ST. LOUIS -- (KTVI) -- Russ Faria, whether a prison inmate or a free man, has always said he hoped police would find his wife's killer. He never imagined someone would try to frame him again.
Faria told me, "All the press had died down and I was able to go about my business like a normal everyday person and then all of a sudden it's all back."
O'Fallon, Missouri Police arrested Pam Hupp and the St. Charles County Prosecutor charged her with first-degree murder after an alleged plot to frame Russ Faria. Hupp told police the man she killed, Louis Gumpenberger, was trying to kidnap her. Police and prosecutors believe that was a lie and that Hupp planted a note in Gumpenberger's pocket saying to get "Russ's money."
Russ said, "I was shocked. I'm like, I haven't had any dealings with this woman at all. You covered the civil trial between her and Betsy's daughters and yeah, I was there, but other than that I don't run into her on the street, I don't run into her in the store, and if I did I'd turn around and run the other way."
Now Faria wonders if he should have been looking over his shoulder.
He added, "I guess it wasn't until I talked to Joel Schwartz the day after and he kind of said 'There's a good chance you probably were in danger,' so it never really occurred to me until then, I'm like, 'Oh, that's great!' At least it's after the fact."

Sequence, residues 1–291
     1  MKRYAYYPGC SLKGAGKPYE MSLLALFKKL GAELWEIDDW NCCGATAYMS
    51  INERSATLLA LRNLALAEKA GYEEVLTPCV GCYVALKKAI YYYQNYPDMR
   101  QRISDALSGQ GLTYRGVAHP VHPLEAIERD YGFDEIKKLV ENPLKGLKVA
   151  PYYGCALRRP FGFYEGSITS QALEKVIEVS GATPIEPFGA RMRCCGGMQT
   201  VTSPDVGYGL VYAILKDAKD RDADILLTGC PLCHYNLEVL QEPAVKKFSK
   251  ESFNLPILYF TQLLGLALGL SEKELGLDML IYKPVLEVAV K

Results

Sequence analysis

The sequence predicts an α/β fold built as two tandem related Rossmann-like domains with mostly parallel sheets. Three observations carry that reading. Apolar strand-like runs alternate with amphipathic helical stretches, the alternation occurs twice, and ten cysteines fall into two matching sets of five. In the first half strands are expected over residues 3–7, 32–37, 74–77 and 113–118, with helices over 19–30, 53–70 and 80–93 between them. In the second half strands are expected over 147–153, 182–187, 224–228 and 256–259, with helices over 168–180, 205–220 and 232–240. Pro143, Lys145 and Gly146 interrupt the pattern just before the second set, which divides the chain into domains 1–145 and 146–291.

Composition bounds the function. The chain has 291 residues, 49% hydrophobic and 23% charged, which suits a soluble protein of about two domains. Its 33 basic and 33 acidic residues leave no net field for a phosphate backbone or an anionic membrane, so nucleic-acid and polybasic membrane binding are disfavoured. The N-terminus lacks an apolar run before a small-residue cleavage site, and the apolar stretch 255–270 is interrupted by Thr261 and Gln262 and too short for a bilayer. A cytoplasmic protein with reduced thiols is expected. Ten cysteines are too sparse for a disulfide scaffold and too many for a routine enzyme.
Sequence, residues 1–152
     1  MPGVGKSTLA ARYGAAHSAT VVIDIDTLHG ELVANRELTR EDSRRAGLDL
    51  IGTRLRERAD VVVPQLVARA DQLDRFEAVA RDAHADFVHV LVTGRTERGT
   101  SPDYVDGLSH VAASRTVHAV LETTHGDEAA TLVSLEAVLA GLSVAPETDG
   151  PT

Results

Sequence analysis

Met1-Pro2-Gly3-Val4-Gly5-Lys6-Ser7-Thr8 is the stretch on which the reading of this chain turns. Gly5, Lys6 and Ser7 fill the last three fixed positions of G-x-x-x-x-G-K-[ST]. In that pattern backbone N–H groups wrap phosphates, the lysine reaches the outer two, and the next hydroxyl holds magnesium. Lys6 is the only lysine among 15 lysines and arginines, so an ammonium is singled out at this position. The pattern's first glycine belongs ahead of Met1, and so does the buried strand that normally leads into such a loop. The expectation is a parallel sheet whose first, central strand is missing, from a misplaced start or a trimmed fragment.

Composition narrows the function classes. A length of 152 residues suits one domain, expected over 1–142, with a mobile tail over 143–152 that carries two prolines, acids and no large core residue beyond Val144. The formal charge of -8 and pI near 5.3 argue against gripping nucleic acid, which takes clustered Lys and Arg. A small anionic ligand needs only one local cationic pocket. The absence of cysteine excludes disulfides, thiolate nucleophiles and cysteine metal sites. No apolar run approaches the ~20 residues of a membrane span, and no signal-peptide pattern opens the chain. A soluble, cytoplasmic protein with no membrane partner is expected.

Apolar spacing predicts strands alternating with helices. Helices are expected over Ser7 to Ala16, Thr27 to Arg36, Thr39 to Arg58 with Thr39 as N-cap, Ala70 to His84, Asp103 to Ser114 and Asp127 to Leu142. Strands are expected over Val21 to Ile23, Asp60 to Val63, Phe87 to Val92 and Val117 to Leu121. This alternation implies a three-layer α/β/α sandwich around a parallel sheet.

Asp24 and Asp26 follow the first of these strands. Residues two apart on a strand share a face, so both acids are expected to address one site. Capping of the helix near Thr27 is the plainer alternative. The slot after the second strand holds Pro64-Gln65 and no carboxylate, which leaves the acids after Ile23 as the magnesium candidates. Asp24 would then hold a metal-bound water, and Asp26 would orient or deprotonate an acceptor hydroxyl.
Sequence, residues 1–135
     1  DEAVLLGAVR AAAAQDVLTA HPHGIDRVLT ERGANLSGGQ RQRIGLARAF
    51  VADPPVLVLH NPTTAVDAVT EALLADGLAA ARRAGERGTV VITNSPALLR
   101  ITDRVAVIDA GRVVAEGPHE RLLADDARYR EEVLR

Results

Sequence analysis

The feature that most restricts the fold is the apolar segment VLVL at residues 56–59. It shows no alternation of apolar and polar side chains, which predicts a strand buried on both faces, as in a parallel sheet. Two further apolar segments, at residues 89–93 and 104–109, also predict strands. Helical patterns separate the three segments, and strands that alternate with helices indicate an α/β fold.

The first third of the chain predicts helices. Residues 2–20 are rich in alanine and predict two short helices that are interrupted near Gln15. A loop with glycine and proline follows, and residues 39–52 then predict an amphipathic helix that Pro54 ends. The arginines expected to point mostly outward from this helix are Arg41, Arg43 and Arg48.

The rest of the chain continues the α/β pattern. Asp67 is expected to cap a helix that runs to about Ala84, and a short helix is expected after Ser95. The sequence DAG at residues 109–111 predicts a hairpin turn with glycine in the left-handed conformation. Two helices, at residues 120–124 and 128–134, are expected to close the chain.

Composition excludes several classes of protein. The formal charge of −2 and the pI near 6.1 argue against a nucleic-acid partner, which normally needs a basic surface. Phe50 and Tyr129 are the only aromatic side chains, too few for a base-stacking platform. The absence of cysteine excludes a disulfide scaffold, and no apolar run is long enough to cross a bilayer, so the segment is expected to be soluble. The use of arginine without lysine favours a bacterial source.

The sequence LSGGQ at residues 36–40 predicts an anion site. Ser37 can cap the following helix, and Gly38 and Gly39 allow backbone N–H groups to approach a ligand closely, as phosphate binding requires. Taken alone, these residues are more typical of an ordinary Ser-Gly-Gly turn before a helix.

Pam Hupp's stories were key in Lincoln County's case against Russ Faria. In the second trial, jurors heard evidence pointing to Pam Hupp as a possible suspect. Russ was exonerated.
His attorney Joel Schwartz said, "They were treating Pam Hupp as if she were a rock star and part of their prosecution team."
While every other witness in that trial had to use the front courthouse door and go through metal detectors, Pam Hupp was led in and out of a secured door, away from our cameras.
Schwartz added, "The entire Lincoln County force, as well as the prosecution team, seemed to sympathize with her as well as protect her from day one."
Faria wonders if Louis Gumpenberger's death could've been prevented.
"If Lincoln County had done the job that a 5th-grader could've done, their loved one could've been alive," said Faria.
Gumpenberger's friends say he walked with a limp and couldn't go anywhere without someone driving him.
"My wife was sick too. So it seems to me like she's got a pattern of targeting disabled or sick people that can't fight back," said Faria.
Now suspect Pam Hupp will be in court next month in St. Charles County. This time Russ Faria says he has faith the investigation will be done right.